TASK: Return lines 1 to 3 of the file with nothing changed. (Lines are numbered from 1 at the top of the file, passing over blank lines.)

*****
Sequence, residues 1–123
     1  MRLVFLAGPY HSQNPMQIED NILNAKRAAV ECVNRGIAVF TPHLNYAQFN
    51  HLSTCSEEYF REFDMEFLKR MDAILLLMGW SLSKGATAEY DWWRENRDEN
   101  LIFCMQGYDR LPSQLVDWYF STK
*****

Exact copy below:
Sequence, residues 1–123
     1  MRLVFLAGPY HSQNPMQIED NILNAKRAAV ECVNRGIAVF TPHLNYAQFN
    51  HLSTCSEEYF REFDMEFLKR MDAILLLMGW SLSKGATAEY DWWRENRDEN